Generator Testing

Q: We have a generator that doesn’t meet the 30% load for the monthly run so we have to do an annual run with the load at 50% for 30 min and 75% for 60 min for a 90-minute continuous run. Our contractor did the annual run but he ran it with 52% for 30 min, 75% for 30 min and 81% for 30 min, then he continued to run it for 2½ more hours dropping the percentages as he went for 4 continuous hours at not less than 30%. My question is does these meet the intent of the standards for both an annual and a 3-year load test?

 A: According to section 8.4.9.7 of NFPA 110-2010, when the 3-year load test is combined with the annual load test, the first three hours shall be not less than 30-percent of the nameplate kW rating, and the remaining hour shall be not less than 75-percent of the nameplate kW rating.

I would say the test as you described could meet both the annual requirements and the 3-year test requirements, depending on how the test was administered. It is obvious that an external load bank would be required for the annual test since the building load did not meet the minimum 30%.

But section 8.4.9.3 of NFPA 110-2010 requires the 3-year test to begin with the building’s load through the ATS and only supplement the load with a load bank if the load cannot meet 30%. It is not at all that easy to combine an annual load test with a 3-year load test, because the 30% minimum load is not achieved through the building’s load.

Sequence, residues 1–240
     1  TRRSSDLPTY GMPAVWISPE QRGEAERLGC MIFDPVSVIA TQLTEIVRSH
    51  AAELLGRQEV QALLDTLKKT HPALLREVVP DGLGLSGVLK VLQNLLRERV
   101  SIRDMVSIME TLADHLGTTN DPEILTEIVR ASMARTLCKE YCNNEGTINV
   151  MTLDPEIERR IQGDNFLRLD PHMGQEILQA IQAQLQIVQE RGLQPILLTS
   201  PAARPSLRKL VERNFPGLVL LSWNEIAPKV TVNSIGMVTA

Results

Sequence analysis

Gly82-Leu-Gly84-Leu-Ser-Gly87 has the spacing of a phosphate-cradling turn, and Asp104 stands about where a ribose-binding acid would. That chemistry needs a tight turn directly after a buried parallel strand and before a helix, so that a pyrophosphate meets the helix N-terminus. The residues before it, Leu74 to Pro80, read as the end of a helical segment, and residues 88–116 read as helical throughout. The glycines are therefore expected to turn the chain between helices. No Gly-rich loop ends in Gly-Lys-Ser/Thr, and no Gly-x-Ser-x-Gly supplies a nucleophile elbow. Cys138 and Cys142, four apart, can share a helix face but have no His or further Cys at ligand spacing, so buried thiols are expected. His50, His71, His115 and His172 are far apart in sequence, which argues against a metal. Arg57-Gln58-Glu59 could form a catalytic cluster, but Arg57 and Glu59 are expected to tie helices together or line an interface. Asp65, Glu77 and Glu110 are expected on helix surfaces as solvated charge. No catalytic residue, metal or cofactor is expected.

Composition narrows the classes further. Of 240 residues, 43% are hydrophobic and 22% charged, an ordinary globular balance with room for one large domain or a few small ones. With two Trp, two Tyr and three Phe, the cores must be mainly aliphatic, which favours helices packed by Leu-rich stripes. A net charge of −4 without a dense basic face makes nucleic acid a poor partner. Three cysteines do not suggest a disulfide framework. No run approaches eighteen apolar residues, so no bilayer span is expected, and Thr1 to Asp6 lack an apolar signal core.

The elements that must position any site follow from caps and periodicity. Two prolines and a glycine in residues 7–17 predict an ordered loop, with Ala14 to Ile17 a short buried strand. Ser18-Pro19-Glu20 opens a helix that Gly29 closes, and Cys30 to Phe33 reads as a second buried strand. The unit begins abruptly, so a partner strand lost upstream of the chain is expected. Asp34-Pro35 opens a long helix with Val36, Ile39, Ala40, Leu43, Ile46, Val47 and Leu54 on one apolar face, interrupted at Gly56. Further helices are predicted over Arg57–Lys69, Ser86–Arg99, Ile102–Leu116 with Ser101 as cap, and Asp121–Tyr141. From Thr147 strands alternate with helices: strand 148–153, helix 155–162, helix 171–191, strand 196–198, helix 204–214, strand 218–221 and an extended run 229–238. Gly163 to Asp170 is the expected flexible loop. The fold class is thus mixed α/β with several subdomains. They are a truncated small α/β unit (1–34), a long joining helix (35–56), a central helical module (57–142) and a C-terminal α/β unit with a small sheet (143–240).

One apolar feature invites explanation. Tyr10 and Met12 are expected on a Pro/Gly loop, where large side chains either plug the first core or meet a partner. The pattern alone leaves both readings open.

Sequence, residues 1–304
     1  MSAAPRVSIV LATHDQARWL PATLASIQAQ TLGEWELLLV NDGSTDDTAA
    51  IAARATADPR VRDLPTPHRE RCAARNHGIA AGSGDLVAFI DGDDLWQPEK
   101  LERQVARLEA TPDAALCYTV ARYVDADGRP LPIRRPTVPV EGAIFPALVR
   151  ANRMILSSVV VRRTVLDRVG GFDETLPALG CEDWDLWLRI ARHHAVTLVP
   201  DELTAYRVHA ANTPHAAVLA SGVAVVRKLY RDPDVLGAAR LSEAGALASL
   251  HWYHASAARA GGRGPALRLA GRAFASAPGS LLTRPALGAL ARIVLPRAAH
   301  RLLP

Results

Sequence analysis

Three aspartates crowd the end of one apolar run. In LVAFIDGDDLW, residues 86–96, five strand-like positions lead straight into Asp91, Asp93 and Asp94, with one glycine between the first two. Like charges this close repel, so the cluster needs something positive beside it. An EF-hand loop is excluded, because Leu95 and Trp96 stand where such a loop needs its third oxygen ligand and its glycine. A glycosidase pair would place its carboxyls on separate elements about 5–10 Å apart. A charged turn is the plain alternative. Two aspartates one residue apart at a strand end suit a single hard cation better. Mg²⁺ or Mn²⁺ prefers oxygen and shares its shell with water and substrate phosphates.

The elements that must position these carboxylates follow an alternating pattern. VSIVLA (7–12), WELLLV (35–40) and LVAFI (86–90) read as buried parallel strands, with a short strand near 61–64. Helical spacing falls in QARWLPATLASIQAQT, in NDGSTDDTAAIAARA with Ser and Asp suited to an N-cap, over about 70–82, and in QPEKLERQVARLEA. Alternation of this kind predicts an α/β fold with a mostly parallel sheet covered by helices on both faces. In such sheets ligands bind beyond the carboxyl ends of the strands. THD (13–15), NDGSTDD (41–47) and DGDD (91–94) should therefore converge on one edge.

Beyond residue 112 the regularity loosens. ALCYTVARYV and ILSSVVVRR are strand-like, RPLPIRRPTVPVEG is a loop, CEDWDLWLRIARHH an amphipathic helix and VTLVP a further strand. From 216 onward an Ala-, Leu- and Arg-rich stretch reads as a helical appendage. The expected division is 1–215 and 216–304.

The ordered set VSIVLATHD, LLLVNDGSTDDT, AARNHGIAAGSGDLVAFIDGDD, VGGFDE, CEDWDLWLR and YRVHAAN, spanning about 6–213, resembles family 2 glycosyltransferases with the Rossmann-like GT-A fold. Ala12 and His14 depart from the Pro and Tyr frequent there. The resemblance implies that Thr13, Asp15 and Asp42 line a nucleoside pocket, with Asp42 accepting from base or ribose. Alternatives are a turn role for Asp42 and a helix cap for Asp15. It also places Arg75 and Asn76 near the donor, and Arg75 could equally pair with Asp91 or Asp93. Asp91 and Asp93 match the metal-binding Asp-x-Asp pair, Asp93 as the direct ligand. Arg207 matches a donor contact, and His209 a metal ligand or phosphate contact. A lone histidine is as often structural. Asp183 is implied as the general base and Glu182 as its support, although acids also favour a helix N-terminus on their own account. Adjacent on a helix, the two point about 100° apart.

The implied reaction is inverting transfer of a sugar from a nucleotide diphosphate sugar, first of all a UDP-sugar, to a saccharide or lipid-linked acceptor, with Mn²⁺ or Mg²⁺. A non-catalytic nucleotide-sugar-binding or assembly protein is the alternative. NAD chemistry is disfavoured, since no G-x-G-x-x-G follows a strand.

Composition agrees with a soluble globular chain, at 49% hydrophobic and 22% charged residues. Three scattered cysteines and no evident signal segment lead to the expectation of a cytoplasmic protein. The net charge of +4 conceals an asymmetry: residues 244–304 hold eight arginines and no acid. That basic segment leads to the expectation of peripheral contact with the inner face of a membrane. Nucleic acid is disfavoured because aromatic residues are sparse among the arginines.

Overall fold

The generator load testing requirements are minimum load settings, and it is permitted to exceed these minimums.

Brad Keyes
Brad Keyes, CHSP

Brad is a former advisor to Healthcare Facilities Accreditation Program (HFAP) and former Joint Commission LS surveyor. He guides clients through  organizational assessment; management training; ongoing coaching of task groups; and extensive one-on-one coaching of facility leaders. He analyzes and develops leadership effectiveness and efficiency in work processes, focusing on assessing an organization’s preparedness for a survey, evaluating processes in achieving preparedness, and guiding organizations toward compliance. 

As a presenter at national seminars, regional conferences, and audio conferences, Brad teaches the Keyes Life Safety Boot Camp series to various groups and organizations. He is the author or co-author of many HCPro books, including the best-selling  Analyzing the Hospital Life Safety Survey, now in its 3rd edition. Brad has also authored a variety of articles in numerous publications addressing features of life safety and fire protection, as well as white papers and articles on the Building Maintenance Program. Currently serving as the contributing editor of the monthly HCPro newsletter Healthcare Life Safety Compliance  gives Brad further insight into the industry’s trends and best practices.